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J2EE Application Servers: What Makes a Good Product

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Which J2EE application server is best for your enterprise environment? Seshadri Gokul looks at different J2EE-certified Web application servers, and discusses the features that characterize a good product.
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This article looks at J2EE application servers, which are commercial J2EE implementations available in the market. We explore the evolution of application servers and commercial products that are available in the market today, and discuss various features that characterize a good application server. Finally, we help you choose a particular product for a given enterprise environment.

Web Application Servers

Web application servers (or simply application servers) are distributed middleware software implementations that interface between various types of clients on one end, and back-end system resources on the other end.

When a medium or large-scale enterprise migrates to the world of e-commerce and Web-based transactions, it needs to reorganize its systems in three-tier or multitier application architecture in which Web application servers are the essential middleware components.


A thematic definition of an application server has been provided by Forrester Research:

"An application server is a software server product that supports thin clients with an integrated suite of distributed computing capabilities. Application servers manage client sessions, host business logic, and connect to back-end computing resources, including data, transactions, and content."


Application servers offer several benefits to the enterprise. They provide

  • A single robust platform over which all kinds of applications can be built and deployed.

  • Support to a wide variety of component models, resulting in compact system designs and code reusability.

  • Platform/OS independence (applicable mainly to Java-based application servers).

  • Linkage to different breeds of established enterprise information systems—such as mainframes, ERP, databases, and file systems—to distributed application middleware.

  • Clustering over a host of hardware, and treating it as a single pool of resources. When one box goes down, the other takes up the additional load, thus ensuring continuous availability of services. This reliable back-end runtime environment is important for all Web-based applications.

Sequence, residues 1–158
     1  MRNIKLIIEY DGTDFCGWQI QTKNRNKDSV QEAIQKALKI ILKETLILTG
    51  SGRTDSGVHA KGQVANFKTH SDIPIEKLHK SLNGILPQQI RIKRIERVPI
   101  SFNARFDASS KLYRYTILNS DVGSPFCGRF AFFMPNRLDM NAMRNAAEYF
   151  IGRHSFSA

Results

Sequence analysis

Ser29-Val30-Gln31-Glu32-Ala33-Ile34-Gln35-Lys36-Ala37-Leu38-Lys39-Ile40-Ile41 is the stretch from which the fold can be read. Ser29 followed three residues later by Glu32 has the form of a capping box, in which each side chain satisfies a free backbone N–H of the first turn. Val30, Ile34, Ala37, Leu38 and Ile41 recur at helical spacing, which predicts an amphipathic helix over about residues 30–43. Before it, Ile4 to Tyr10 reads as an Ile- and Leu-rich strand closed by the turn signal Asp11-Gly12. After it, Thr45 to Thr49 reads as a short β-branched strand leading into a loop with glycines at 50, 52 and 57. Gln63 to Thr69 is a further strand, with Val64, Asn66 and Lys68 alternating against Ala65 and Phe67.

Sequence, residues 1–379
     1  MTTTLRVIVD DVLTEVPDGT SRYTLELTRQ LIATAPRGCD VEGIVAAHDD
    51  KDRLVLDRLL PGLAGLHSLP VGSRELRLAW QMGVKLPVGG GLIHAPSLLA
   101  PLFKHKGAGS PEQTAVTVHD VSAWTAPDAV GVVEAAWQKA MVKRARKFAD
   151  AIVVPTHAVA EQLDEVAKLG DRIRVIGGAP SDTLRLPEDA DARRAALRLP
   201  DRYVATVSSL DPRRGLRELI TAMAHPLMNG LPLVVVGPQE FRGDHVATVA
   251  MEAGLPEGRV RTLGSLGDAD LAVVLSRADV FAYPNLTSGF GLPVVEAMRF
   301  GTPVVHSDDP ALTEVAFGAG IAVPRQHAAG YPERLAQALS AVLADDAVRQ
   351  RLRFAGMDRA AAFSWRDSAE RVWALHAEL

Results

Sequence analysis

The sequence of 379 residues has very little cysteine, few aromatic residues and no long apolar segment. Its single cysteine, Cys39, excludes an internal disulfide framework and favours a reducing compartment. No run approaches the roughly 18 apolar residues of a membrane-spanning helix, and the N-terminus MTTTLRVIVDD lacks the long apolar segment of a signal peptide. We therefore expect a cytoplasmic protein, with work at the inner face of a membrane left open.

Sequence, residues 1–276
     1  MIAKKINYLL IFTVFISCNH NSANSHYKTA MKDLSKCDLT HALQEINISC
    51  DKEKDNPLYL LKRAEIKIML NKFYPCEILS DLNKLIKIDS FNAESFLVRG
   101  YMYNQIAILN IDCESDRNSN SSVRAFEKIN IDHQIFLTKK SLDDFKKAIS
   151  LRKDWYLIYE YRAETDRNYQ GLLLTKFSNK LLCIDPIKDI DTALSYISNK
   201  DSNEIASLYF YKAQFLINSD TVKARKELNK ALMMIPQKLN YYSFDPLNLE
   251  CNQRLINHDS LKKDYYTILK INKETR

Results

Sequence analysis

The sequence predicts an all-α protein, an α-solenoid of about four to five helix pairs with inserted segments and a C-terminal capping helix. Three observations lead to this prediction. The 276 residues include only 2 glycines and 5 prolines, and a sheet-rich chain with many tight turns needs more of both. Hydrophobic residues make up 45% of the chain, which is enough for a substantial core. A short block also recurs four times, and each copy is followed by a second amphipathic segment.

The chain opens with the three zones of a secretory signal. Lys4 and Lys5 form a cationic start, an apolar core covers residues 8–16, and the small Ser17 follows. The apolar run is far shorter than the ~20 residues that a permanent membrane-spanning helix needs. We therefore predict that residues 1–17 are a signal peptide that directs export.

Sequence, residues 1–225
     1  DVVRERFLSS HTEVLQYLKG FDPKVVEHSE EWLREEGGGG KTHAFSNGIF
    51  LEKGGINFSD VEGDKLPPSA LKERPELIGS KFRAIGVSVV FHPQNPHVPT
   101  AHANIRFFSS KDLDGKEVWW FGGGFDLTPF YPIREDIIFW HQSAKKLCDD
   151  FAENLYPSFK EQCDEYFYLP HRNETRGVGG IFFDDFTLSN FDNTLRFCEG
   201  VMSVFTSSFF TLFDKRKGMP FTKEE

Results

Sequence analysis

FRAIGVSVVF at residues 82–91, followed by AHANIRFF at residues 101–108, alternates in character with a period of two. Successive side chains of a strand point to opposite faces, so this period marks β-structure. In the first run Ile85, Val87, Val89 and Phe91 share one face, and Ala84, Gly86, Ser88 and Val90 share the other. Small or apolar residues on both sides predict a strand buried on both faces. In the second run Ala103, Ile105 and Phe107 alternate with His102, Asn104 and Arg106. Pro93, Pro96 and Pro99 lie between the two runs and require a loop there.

• Monitoring services over sensitive database transactions, thus increasing security and control over the existing database applications.

  • System resilience and application performance by caching, pooling, allocating resources, and load balancing.

  • Efficient remote administration and management capabilities to the system.

  • Flexibility and openness in the overall enterprise system architecture because each and every resource can be "plugged in" or "plugged out" of a single backbone.

  • A single robust gateway to access all types of EIS resources.

  • Application and component scaling to meet the increasing traffic.


Historically, Web application servers emerged from different breeds of middleware products and technologies.

During the initial days of the Web, HTTP servers were mostly used to serve static HTML pages to the clients. As the Internet matured, several proprietary technologies—such as CGI/Perl scripts and Coldfusion programs—offered business logic and database-access capabilities to Web servers. The limitations of these technologies, the demanding needs of Web-based transactions, and the overall growth of e-commerce spearheaded several traditional middleware vendors to offer solutions for the Web.

They combined their traditional strengths in areas such as transaction monitors, CORBA Object request brokers and low-level database handling to evolve a new breed of server-side infrastructure solutions called Web application servers. Around this time, Sun released J2EE standards, with a vision of evolving a standard middleware infrastructure and environment from several proprietary technologies.

The new breed of J2EE Web application servers was born.

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